01TaxationNaturalRes ources

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Published on April 28, 2008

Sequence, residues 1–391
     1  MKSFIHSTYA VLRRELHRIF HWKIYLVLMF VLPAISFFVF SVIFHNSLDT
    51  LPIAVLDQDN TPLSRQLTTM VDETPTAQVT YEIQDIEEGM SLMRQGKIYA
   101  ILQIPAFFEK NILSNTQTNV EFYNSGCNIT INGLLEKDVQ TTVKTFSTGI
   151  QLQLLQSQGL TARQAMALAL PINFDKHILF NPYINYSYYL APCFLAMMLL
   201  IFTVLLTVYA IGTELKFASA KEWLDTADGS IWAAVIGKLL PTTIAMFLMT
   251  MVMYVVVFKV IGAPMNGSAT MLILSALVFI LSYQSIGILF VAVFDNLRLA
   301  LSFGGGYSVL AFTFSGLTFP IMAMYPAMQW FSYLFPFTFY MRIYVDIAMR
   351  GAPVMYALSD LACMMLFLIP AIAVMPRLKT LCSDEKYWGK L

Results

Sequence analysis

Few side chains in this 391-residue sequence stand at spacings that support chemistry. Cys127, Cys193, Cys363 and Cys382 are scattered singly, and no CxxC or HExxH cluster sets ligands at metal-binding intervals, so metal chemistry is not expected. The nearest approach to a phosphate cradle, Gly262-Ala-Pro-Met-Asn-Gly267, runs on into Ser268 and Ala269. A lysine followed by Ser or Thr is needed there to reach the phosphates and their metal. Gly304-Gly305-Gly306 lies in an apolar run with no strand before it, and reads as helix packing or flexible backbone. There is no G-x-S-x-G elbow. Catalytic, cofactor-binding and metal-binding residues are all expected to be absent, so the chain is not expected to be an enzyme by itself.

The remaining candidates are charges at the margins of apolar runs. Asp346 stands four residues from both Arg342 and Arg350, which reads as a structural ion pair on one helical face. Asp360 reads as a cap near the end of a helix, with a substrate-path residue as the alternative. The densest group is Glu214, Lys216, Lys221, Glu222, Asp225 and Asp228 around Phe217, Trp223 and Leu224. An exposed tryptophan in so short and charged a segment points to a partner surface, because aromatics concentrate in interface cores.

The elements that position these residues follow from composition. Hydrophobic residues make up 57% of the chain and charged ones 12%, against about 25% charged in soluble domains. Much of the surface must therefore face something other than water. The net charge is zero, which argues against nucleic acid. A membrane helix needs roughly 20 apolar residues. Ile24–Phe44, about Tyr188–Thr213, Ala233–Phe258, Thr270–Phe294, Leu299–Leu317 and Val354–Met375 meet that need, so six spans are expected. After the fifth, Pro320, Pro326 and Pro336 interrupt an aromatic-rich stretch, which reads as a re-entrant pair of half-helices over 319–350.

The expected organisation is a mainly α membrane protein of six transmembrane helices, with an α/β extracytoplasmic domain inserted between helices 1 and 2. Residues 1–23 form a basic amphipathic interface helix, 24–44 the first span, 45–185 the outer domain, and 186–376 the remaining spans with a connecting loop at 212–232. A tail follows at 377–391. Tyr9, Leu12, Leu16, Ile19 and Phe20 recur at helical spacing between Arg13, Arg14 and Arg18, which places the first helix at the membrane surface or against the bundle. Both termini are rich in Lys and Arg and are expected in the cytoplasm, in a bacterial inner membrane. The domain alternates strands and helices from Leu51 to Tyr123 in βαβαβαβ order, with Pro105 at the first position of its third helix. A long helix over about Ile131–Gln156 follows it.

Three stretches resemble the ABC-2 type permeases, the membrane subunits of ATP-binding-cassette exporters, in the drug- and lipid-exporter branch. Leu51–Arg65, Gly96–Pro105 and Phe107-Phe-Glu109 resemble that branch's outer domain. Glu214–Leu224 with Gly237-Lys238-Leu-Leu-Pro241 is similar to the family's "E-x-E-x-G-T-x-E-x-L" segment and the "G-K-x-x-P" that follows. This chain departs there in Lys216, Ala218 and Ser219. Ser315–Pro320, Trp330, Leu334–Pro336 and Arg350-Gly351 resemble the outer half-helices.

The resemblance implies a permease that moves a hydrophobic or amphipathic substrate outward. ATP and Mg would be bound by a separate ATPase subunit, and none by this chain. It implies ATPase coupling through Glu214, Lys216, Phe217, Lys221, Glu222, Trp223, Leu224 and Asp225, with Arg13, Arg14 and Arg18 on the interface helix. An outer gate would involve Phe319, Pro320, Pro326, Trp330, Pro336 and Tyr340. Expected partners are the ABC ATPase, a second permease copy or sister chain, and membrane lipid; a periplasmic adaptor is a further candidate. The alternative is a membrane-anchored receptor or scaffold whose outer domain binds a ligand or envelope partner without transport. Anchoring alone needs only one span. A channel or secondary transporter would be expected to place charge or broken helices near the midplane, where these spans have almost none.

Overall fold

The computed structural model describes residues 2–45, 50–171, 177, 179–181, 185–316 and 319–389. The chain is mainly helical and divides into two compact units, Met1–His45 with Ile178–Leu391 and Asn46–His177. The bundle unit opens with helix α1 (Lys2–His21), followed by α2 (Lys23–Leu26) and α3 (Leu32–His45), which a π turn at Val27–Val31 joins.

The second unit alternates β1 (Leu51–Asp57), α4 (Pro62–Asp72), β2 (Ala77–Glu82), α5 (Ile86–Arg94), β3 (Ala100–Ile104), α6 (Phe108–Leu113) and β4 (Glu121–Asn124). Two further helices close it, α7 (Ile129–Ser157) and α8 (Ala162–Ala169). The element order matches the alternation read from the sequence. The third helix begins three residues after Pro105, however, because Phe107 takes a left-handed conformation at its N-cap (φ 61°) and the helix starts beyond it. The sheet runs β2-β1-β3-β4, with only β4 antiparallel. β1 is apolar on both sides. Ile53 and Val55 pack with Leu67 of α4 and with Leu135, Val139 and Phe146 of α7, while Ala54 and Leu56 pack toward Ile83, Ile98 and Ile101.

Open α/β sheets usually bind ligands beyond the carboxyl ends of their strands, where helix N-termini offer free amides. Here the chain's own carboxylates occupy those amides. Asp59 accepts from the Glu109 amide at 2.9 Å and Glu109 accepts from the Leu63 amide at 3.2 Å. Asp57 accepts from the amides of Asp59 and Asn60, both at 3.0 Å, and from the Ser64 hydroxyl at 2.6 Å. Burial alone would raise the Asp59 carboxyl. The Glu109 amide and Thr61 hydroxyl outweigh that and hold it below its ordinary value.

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Tax Aspects of Domestic Resource Mobilisation – a Discussion of Enduring and Emerging Issues Taxation of Natural Resources:  Tax Aspects of Domestic Resource Mobilisation – a Discussion of Enduring and Emerging Issues Taxation of Natural Resources UN Financing for Development Office & IFAD Rome, 4-5 September 2007 M Grote National Treasury, South Africa Characteristics of natural resource exploitation – its impact on tax policy design:  Characteristics of natural resource exploitation – its impact on tax policy design Potential for huge rents Volatility of commodity prices – structural change surprises Enclave status of mines Potential for overinvestment into supporting infrastructure ‘Politically motivated’ downstream beneficiation of minerals domestically extracted vs. creating functional markets Ad hoc changes to fiscal regime if ‘windfall’ profits arise Creating power base for elite, thereby encouraging corruption What preventive measures exist in expectation of deposit depletion? Lack of transparency & accountability regarding tax proceeds Tendency to prescribe price controls for domestically produced mineral resources (ie, oil & gas) Trend to introduce state enterprises vs. leaving it to the market Environmental degradation: These factors combined, can trigger the “Resource Curse” Historic trends of resource taxation:  Historic trends of resource taxation Mining/oil sector dominates economy in many LDCs Resource sector dominated by transnational / foreign co’s For centuries royalties formed backbone of mineral taxation Since 1950s combination of fiscal instruments: Royalties/production taxes (average rates of 2-5%) & ordinary profit taxes Since 2000 global convergence of CIT rates (average of 26.7%) Since 1970s increasing fiscal burden on mineral sector (oil & gas) More direct government involvement with rising shares in economic rents: More sophisticated rent sharing measures: resource rent taxes, APT Production-sharing contracts Equity participation (= contract-stability enhancing outcome as automatically shares in windfall profits) Race to the bottom: aggressive tax incentives/tax holidays for mining to attract FDI (many African states) Key policy question: Are tax incentives needed? – regional tax coord. Negotiating fiscal regime – fluctuating balance between governments & investors:  Negotiating fiscal regime – fluctuating balance between governments & investors INVESTORS ― prefer back- end loading of tax payments: Low burden fiscal measures to compensate for project & sovereign risk Recoup initial capital outlay on mining, oil & gas projects over shortest time possible Maximising long-run post-tax returns Fiscal stability provisions – no windfall profit taxes when commodity prices increase Preference for Rent Resource Tax or Brown Tax (negative tax or subsidy by governments) GOVERNMENTS ― prefer front-end loading of tax payments: Securing substantial share of resource rent Minimising tax-induced inefficiencies Receive fiscal revenues as production commences Integrating mining and oil & gas tax issues into general tax codes Simplify tax administration & protect with anti-avoidance measures against transfer pricing practices Minimise information asymmetry as to projects’ profitability Factors determining resource taxation Thomas Baunsgaard – Primer on Mineral Taxation, IMF WP/01/139:  Factors determining resource taxation Thomas Baunsgaard – Primer on Mineral Taxation, IMF WP/01/139 Hard-rock mining: Artisan mining, may escape standard tax regime: only attracting licensing fees, royalties or surface fees Small-scale mining Large-scale projects may negotiate special tax allowance systems Production-sharing agreements very rare Oil: Large oil/gas fields generate super rents, therefore royalties & other fiscal charges are commonly much higher than in mining (between 12.5% and 20%) Size of oil field shows high correlation with profitability Production-sharing contracts are common Gas: Not as profitable as oil – demand market must first be created Expensive pipeline infrastructure, cross-border problems, exceedingly expensive downstream liquification & transportation High political risks, individually negotiated with flexible fiscal regimes Why does tax design of natural resource sector deviate from other economic activities?:  Why does tax design of natural resource sector deviate from other economic activities? Separate fiscal system for resources sector due to resource rent potential (scarcity of resources, Hotelling rule,1931) Resource rents are surplus return over & above input costs (capital, labour, other production factors, opportunity costs of sunk capital) Pure rent represents financial surplus that could be taxed away without influencing econ. behavior or distorting resource allocation 2 risks are present in developing resource projects: Commercial risk Sovereign risk (constructive expropriation by regulation, taxation decisions) Govt’s can reduce both risks by adhering to macroecon. & fiscal stability, providing exploration data, delivering good physical infrastructure Practically, deposit-by-deposit approach difficult to achieve due to information asymmetry regarding deposits’ profit potential, informed by― Differing grades Geographic distance to market Infrastructure availability Cost of development Sovereign risk Types of resource taxes:  Types of resource taxes No single best model of different tax combinations― Model incorporating self-adjusting tax increases in times of high commodity prices, will guarantee stability of fiscal contract & increase country’s LT-attraction for FDI Direct tax instruments / in personam taxes / net revenue: Corporate income tax plus capital gains tax Progressive profit taxes such as gold mining formula Resource rent taxes Brown tax, cash flow tax with government subsidy Windfall profits tax, additional profit tax, super-profit tax, net profits royalties Indirect tax instruments / in rem: Ad valorem, specific/production volume royalties Import duties, export duties VAT, sales tax Property or capital taxes, stamp duties Non-tax instruments: Competitive bonus bidding, auctions (e.g., hydrocarbons) Surface or usage fees Production sharing contracts State equity participation Corporate tax – mining (forestry, fishing):  Corporate tax – mining (forestry, fishing) Most jurisdictions apply standard corp. rate Higher CIT rates apply in oil & gas sector (bigger rents) Resource deposit specificity, may lead to individually negotiated corp. tax dispensation for large-scale projects Some jurisdictions exempt mineral extraction activities from withholding taxes due to higher tax burden on mining co’s Special capital allowances for capital intensive projects (100% expensing) Mining rehabilitation / decommissioning trust funds: deduction for contributions to fund & tax-free buildup of fund Transfer pricing incidence potentially high ― requires introduction of OECD-type anti-transfer pricing rules & ring-fencing provisions: TNCs dominate & with multi-jurisdictional operations Sale of minerals below market prices to affiliates in low-tax jurisdictions For example: diamonds notoriously difficult to value – see lessons from Southern Africa on need for GDV Not all minerals are traded on metal exchanges (vertically integrated firms) Progressive profit tax vs. excise-type windfall profit tax e.g., SA gold mining tax formula:  Progressive profit tax vs. excise-type windfall profit tax e.g., SA gold mining tax formula Introduction of progressivity into CIT: Governments automatically participate in greater share of economic rent as commodity prices rise Various methods: Ad hoc graduated CIT rate linked to higher unit price of commodity or higher production volume / sales turnover / profit-to-sales ratio Stepped rate structure (not accurate proxy for varying RoR) Monitoring of higher profit ratios administratively costly Taxpayers have increased incentive to under-report income SA gold mining tax formula with built-in progressivity, linked to level of profitability of gold mine – marginal mine taxed at 0%: Only taxable income from 5% profit ratio upwards attracts tax Formula: y = a-(ab/x), where ‘y’ = tax rate to be determined (sliding scale: higher profits at higher rates) ‘a’ = marginal tax rate ‘b’ = portion of tax-free revenue ‘x’ = ratio of taxable mining income to total income (including non-mining income) Resource rent taxes (RRT):  Resource rent taxes (RRT) Garnaut & Clunies-Ross, 1975, 1983) designing ‘neutral’ tax, affecting only economic rent: R-factor (investment-payback ratio―ratio of investor’s cumulative receipts over cumulative costs, incl. upfront investments) Tax kicks in when R-factor greater than 1 Some production-sharing contracts include this progressive feature with growing government share as investment-payback ratio grows Accumulated cash flows are not discounted Resource Rent Tax is cash flow tax linked to real rate of return Applies after hurdle real RoR on investment has been achieved Hurdle real RoR equals supply price of investment/capital RoR is mark-up on rate of return of some other alternative safe investment Tax calculated by increasing annual cash flow (without deductions for interest cost & depreciation allowance) by hurdle RoR & continuously carry forward until it turns positive Few jurisdictions have imposed this regime due to back-loaded nature of tax payment (governments bear all the cash flow risk) Brown tax, even more neutral:  Brown tax, even more neutral Brown tax imposed at flat rate on annual net cash flow with immediate expensing of all capital expenditure Negative net cash flow would not be carried forward at real rate of interest as in RRT, BUT triggers govt. subsidy payment to investor Unrealistic, as developing countries don’t have cash flow Brown tax absolute neutral -- transfers all risks to governments Governments potentially face huge fiscal losses (negative tax) Will investors trust government in making good on its subsidy promise? It could trigger wasteful utilisation of capital by investor Hence, universally rejected by governments Indirect charges: royalties:  Indirect charges: royalties Royalties oldest form of mineral extraction taxation – is it a tax??? Imposed in 3 forms: Value of mineral sales (ad valorem) Set charge per production volume (= unit or specific royalty) Profit-based or net smelter royalty Favoured by governments due to front-end loading of tax payments Is a consideration for right to extract (similar to capital and labour input costs) Analogous to lease payment: if lessee is operating unprofitably, lessor will not rent-out property for free High rate royalties deter investments as it increases economic cut-off grade Will make development of marginal deposit unprofitable In case of oil/gas production royalties can be imposed on net of cost basis to accommodate for production & transportation cost Admin capacity must exist to monitor closely production volumes Ad valorem royalty vs. profit royalty:  Ad valorem royalty vs. profit royalty “By far the predominant form of mineral taxation is the ad valorem royalty which simply takes a percentage share of the gross value of output from specified mining project” Head & Krever (eds.): Taxation towards 2000 – Australian Tax Research Foundation, p. 210 Ad valorem royalty is determined by applying royalty rate on gross sales value of minerals Royalty does not accommodate: Differences in production costs of minerals Differences in profit ratios from sale of minerals Profit-based royalty focuses on after-cost profits from sale of minerals Profit-based royalty base is narrower― hence, much higher rate structure (e.g., Canada, at 18% to 21%) Royalty payments in terms of ITA principles deductible expense Ad valorem & specific royalties create least uncertainty for governments Advantages / disadvantages of ad valorem royalty:  Advantages / disadvantages of ad valorem royalty ADVANTAGES: Companies cannot artificially inflate costs Less collection risk for Government Royalty adjusts automatically for commodity price & profit fluctuations Non-negotiable aspects of royalty has fiscally stabilising impact: Communities benefit of increased public resources as mining commences Over long run should maximise investor certainty Narrow compliance gap as administration is straight forward & predictable However, fair market value must be ascertainable DISADVANTAGES: Base of royalty is broad ― high rates may unduly erode investor profits Encourages mining of high-grade ores (“picking-the-eye”) Need command & control measures against ‘high-grading’ Regulatory capacity to enforce mining of deposit to "average grade of ore" Complex calculations in case of composite minerals in concentrate/sulphides rock Advantages & disadvantages of profit royalty:  Advantages & disadvantages of profit royalty ADVANTAGES: Profit royalty has minimal adverse impact on private investment behaviour: Government & investors are both proportionately at risk It focuses on mine’s ability to pay But it is a factor payment not a tax! Royalty calculation does not require segregation based on mineral type, grade, or level of processing One rate could be applied to all mineral categories DISADVANTAGES: Profit royalties may easily be subject to aggressive tax accounting Comprehensive anti-avoidance measures needed (as in ITA) High collection risk for government because royalties vary with profits Non-tax fees ― not creditable ito DTAs front-end loading favouring government as resource owner:  Non-tax fees ― not creditable ito DTAs front-end loading favouring government as resource owner Fixed fees, prospecting/mining surface rental fees: Administrative charges unrelated to profits but a function of size of area under license (more regulatory measure to make unaffordable the sterilisation of mineral deposits as anti-competition strategy by firms) Competitive bonus bidding (petroleum sector) / discovery or production bonuses: In competitive bidding market for oil/gas leases, government could get up-front appropriate share of economic rent If too few players bid, high risk of collusion with low rent capture for govt. Front-end loading may discourage marginal resource development Needs little admin effort In cases of uncertain geological potential & high sovereign risk, investors are loath to commit significant funds & bidding amounts may generally be too low Could destabilise project over long run, as initial low bids for potentially rich resource may trigger re-negotiations of fiscal terms Production sharing contracts (PSC) – oil & gas:  Production sharing contracts (PSC) – oil & gas Ownership of hydrocarbon resource remains with government throughout exploitation period Operator company is contracted to develop resource As consideration, co can retain share of production Three generic types of production sharing: Concession agreement Production sharing contract Risk service contract (contractor receives flat fee for services) PSCs developed in Indonesia in 1960s, but now quite common in oil-producing countries (tax creditable if very similar to CIT): LT arrangement between host govt., whereby investor takes on pre-production risk & recovers cost and profit share out of production Profit oil is derived from gross production minus allowable production costs Profit oil shared in pre-determined ratio between govt. & investor PSCs can be graduated with rising shares to govt. as production volume, crude price or returns increase Allowable production cost that can be claimed per acct. period can be capped & carried forward (period or unlimited) = equivalent to royalty State equity in resource projects:  State equity in resource projects Some governments hold equity in resource projects (see diamond industry in Namibia, Botswana) Securing higher % of economic rent during commodity booms Stability-enhancing & prevent renegotiation of fiscal terms (windfalls) Non-economic reasons: increase govt. ownership, tech-transfer More direct control in lieu of proper regulations? But: Equity can be costly for paid-up equity or cash-calls But: Conflict of interest as regulator (environmental, labour laws) Investors prefer government’s role as regulator & tax collector Equity participation in many forms: Commercially transacted paid-up equity Paid-up equity on concessionary terms Carried interest ― govt. pays for it out of converted production shares Tax exchanged for equity (reduced tax liability) Equity in exchange for provided infrastructure Free equity, less transparent as taxes may be offset Comparative efficiency impact of resource taxes ― Baunsgaard (2001), Daniel (1995) & Garnaut and Clunies-Ross (1983):  Comparative efficiency impact of resource taxes ― Baunsgaard (2001), Daniel (1995) & Garnaut and Clunies-Ross (1983) Fiscal stability / equilibrium clauses:  Fiscal stability / equilibrium clauses Risks affect both investor & government Investors are risk adverse BUT so are LDCs-governments If taxes are deferred continuously, pressures for renegotiation grow Hence, investors seek fiscal stability clauses Perception of fiscal stability enhanced, if tax measures are introduced that correlate tax take closely with RoR: Hence, progressive profit taxes RRT in theory & to lesser extent CIT or PSCs Fiscal preservation clauses initially attractive, but over LT expensive as it limits govt. ability to change fiscal terms in times of ‘super profits’ Different forms of stability clauses: Freezing rates & tax base definition Administrative complex if per project Guaranteeing investor share of economic rent 1997: wide-spread fiscal preservation in petroleum sector (out of 109 agreements, 63% provided fiscal stabilisation for all taxes, 14% partial stab., 23% had none) Risk of high marginal tax rate if combination of taxes or royalties at relatively high rates is imposed: Combining tax instruments, leads to high marginal tax rate as calculated per following formula (Higgins 1992, 59): marginal rate = 100[1-(1-R)(1-P)(1-C)], where R = royalty rate P = add profit tax rate C = corporate rate Formula can only apply if all 3 taxes are applied to uniform tax base (ad valorem royalty must be expressed as profit-based consideration):  Risk of high marginal tax rate if combination of taxes or royalties at relatively high rates is imposed: Combining tax instruments, leads to high marginal tax rate as calculated per following formula (Higgins 1992, 59): marginal rate = 100[1-(1-R)(1-P)(1-C)], where R = royalty rate P = add profit tax rate C = corporate rate Formula can only apply if all 3 taxes are applied to uniform tax base (ad valorem royalty must be expressed as profit-based consideration) Preservation of mineral wealth when mines are depleted:  Preservation of mineral wealth when mines are depleted Hicksian concept of ‘income to mineral extraction’: how much of country’s current mineral revenues can be consumed without LT impoverishment? Mineral wealth should be invested, thereby permanently increasing mineral state’s command over goods and services Investment in permanent resource rent fund, without depleting principal: Income earned on Fund’s assets could substitute tax payments from finite resource sector when deposits become depleted International experience - Mineral Rent Investment Funds: Alaska Permanent Fund – constitutionally enshrined, dividend to all, highly successful, keep management out of hands of spendthrift politicians, preserve state’s mineral wealth for indefinite future, returns distributed among entire Alaskian population Alberta Heritage Fund – managed by politicians as budget balancing tool, low return investment decision, cross subsidisation of poorer provinces, no dividend program Norwegian Petroleum Fund – managed in European parliamentary tradition, independent board of investment managers, Central Bank-managed, annual deposits & withdrawals at discretion of Parliamentary majority, investment portfolio spreads risk Fiscal decentralisation & tribal / community royalties:  Fiscal decentralisation & tribal / community royalties Fiscal devolution principles: unequal distribution of mineral deposits should transfer taxing & royalty sharing rights to the Centre Hence, State could insist on right to collect royalty: In case where tribal communities impose traditionally royalties on resource extraction, central government may deny rebate to miner, thus, compelling communities & mining co to mutually re-negotiate lower royalty rate regime in case additional State royalty would make operation uneconomic? Rebate could be allowed with State imposing withholding tax regime on royalty income received by communities, if funds are not appropriated for social expenditure benefiting communities? Central government earmarks budget allocations away from communities as a quid pro quo for the right of such communities to receive royalties Most advisable: Revenue-sharing of royalty income to communities - Government substitutes tribal royalty with equivalent transfer payment from national revenue fund, since mining activities impose heavy social, infrastructure& environmental burden on lower levels of government See revenue-sharing options in PNG, Indonesia ‘Resource Curse’ – adopt EITI:  ‘Resource Curse’ – adopt EITI Resource-based economic & political developments in jurisdiction do not depend on level of resource endowment but― Sound macro-economic & fiscal policies, good resource management Disciplined re-investment of resource-based wealth/tax resources Globally, create binding rules-based & transparent arrangement for― Fiscal arrangement for state resource enterprises Oversight & reporting of Auditor-General to Parliament Protection from political interference Insulation/independence of monetary institutions Effectiveness of stabilisation funds Political rules of democracy that punish leaders abusing resource endowment Active participation by NGO sector (Global Witness and Conflict Diamonds) Multilateral Organisations insisting on adherence to Extractive Industries Transparency Initiative: best practices on reporting & sound fiscal policies “PUBLISH WHAT YOU PAY” – globally binding & condition for ODA? Renewable resource taxation R Boadway & F Flatters, 1993. The Taxation of Natural Resources, World Bank WPS:  Renewable resource taxation R Boadway & F Flatters, 1993. The Taxation of Natural Resources, World Bank WPS Key characteristics of renewable resources: Renewables generate continuous output / revenue stream if expeditiously managed They include: Fisheries Natural forests as opposed to plantations Hydro-electricity Water supplies Clean air Agricultural land As certain share of resource is exploited, it can replenish itself naturally or artificially through add. conservation measures Rate of replenishment depends on stock of resource, natural renewal rate, conservation & husbandry practices adopted by exploiters, ie: Replanting of forests Regulating size of fish caught Fertilisation practices Use of water reservoir Specifically targeted tax measures for renewables:  Specifically targeted tax measures for renewables Adopted tax measures should not incentivise overexploitation Tax treatment must consider dynamics of resource renewal process: Some resources (hydroelectricity, fisheries) – if managed carefully – represent continuous flow of output (normal profit tax rules & combinations with royalties, severance tax, stumpage fee) Forestry: there may be cycles of extraction / replenishment which will necessitate income tax averaging rules to ameliorate high marginal rates High stumpage fees may lead to environmental degradation Fishing: who collects royalties from ocean fishing beyond 200 miles zone? Taxes of standard tax system apply to this sector: Corporate tax & capital gains tax, based on residence basis & creditable ito DTAs VAT, general sales tax Special production-based fees, taxes based on source principle: Stumpage fees (specific or ad valorem), not creditable taxes ito DTAs Special investment incentives for longer loss carry forwards, probably ring-fenced Policy challenges for the future …:  Policy challenges for the future … Is the world moving towards LT “super commodity cycle”? Is balance of power shifting towards resource-rich countries? Will short-term policy objectives – ie, tax revenues – lead to renegotiation of fiscal contracts: windfall profit taxes? Will existing BITs deem this as constructive expropriation? Will this impact adversely on FDI into developing countries? Will windfall profit tax advance as 3rd element of resource taxation? Resource race: extraction offshore beyond 200 nautical mile commercial zone (oil resources in Artic & Ant-artic sea beds) “Planting flags on bottom of Artic Sea” OR enhanced Role of the UN: UN Law of the Sea Treaty – Revenue source for UN as world governing body vs. extension of national commercial boundaries? Obtain revenues from the “commons” (= offshore minerals, ocean fishing) & share with land-locked, poor countries (UN will thereby lessen dependency on ODA commitments)? Thank you :  Thank you Contact Details: Martin Grote National Treasury's Tax Specialist Republic of South Africa e-mail: martin.grote@treasury.gov.za taxpolicy@mweb.co.za Tel: +27 12 315 5706 Fax: +27 12 323 2917 Cell: 082 461 5545